In the six months leading up to COVID coming to our shores, experts in the employee benefits arena were talking about student loan reduction benefits. It looked as though such benefits would be par for the course beginning in 2020. However, the pandemic changed everything. Some three years later, talk of helping workers repay lingering student debt has revived.
At a time when the majority of employers already offer health and retirement plans, voluntary benefits have emerged as a way for employers to distinguish themselves from the competition. A student debt repayment benefit is an option.
Student loan repayment benefits are something broker general agency BenefitMall has discussed quite a bit in recent years. They say that, as part of a fully customizable benefits package, a debt reduction benefit is attractive to younger workers.
There are three primary ways to implement the benefit:
1. Direct Contributions
Employers can make direct contributions designed to match contributions from their employees. Sometimes it is a dollar-for-dollar match. Other times, employers offer a certain percentage of the amount workers put toward retiring their student loans. Any amounts contributed by the employee are handled through payroll deductions.
This could be the easiest way for employers to directly help their workers pay down debts. However, there are certain tax implications that go along with this sort of benefit. Employers would have to work with their benefits brokers and accountants to determine whether direct contributions are the right course of action.
A big advantage of the direct contribution method is that it holds workers accountable. By setting up regular payroll deductions that occur automatically, workers pretty much agree to set aside a certain amount of money from each paycheck to be put toward debt reduction. It provides the kind of consistency necessary to get the job done.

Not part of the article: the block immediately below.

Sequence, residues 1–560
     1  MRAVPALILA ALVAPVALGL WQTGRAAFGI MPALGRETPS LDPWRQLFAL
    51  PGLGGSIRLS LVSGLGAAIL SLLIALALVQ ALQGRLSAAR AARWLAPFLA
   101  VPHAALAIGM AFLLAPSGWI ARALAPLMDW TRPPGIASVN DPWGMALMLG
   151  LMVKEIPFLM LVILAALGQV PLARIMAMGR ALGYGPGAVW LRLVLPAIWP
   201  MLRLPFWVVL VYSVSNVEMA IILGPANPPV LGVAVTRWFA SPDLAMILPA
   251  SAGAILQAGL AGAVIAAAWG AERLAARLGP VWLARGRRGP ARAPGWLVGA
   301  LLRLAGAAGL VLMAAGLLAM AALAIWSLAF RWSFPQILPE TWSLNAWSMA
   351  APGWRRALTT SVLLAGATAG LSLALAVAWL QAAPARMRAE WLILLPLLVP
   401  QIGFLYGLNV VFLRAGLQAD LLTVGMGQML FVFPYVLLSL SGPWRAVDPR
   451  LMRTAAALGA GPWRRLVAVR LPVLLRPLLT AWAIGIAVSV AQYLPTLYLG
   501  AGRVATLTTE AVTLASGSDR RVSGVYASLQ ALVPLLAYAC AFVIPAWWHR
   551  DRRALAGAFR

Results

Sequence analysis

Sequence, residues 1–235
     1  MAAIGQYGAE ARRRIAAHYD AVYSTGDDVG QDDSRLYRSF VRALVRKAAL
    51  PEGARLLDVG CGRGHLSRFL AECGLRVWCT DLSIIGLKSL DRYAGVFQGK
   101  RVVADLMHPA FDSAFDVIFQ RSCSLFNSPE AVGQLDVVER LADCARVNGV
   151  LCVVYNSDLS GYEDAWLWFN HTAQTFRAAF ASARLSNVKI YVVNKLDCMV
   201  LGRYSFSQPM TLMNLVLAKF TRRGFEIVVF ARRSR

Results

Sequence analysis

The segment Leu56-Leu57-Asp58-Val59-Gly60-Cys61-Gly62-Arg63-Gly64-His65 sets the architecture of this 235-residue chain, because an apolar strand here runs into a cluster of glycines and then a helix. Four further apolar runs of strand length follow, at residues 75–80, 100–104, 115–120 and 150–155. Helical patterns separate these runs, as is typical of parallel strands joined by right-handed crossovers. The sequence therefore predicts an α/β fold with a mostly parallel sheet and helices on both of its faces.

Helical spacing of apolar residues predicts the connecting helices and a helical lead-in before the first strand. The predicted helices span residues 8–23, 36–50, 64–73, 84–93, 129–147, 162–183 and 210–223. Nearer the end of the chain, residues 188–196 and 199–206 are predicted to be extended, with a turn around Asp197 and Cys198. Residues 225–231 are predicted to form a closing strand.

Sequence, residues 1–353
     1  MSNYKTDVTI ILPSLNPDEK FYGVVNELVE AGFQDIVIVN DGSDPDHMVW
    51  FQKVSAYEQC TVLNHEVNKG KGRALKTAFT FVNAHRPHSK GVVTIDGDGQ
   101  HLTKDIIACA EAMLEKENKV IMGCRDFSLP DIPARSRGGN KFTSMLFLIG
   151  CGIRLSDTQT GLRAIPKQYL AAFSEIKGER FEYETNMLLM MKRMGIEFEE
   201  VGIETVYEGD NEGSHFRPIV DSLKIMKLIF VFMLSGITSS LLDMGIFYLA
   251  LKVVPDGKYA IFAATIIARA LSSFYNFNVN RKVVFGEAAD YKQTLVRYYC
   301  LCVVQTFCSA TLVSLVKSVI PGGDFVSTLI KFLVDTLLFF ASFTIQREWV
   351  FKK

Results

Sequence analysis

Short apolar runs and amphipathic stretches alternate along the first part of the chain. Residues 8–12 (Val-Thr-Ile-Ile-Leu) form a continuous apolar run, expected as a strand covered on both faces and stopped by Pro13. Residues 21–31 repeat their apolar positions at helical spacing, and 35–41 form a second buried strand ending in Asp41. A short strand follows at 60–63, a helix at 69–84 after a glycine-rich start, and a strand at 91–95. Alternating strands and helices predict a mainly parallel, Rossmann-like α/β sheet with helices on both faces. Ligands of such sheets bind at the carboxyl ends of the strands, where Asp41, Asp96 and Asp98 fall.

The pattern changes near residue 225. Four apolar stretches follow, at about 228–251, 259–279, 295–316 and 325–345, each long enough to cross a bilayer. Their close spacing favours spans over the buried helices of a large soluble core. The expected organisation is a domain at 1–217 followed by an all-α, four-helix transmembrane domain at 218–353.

2. Contributions to Retirement Plans
A similar implementation of the student debt repayment benefit offers an indirect contribution by way of the traditional retirement plan. Instead of directly contributing to a debt reduction fund, the employer contributes matching funds to the employee’s retirement account.
You still get the benefit of setting up a regular schedule that brings consistency and accountability to the equation. But there is an added advantage: retirement plans offer tax advantages on one end or the other. In most cases, funds contributed to retirement plans are pre-tax funds. So a benefit of this type further reduces an employee’s short-term tax liabilities.
3. Debt Management Tools
There is a third way to affect a student debt repayment benefit without directly contributing any funds. How? By combining an employee’s voluntary contributions with free debt management tools paid for by the employer. Tools can include everything from free financial advice to budgeting software and online seminars that teach employees how to better manage their money.
For some employees, struggling to pay down student debt isn’t a matter of not having enough money to do it. Rather, it is a matter of lacking the knowledge and resources to implement sound financial practices. in simple terms, some people have just never learned how to manage their money. Teaching them how equips them to develop their own strategies for getting lingering student loans paid off.
The idea of offering a student loan repayment benefit recently resurfaced along with the president’s announcement of his executive order forgiving millions in student debt. But so far, the courts have not sided with Mr. Biden. Employers who want to help their workers shouldn’t wait for a favorable court decision. They should think about implementing an appropriate workplace benefit as soon as possible.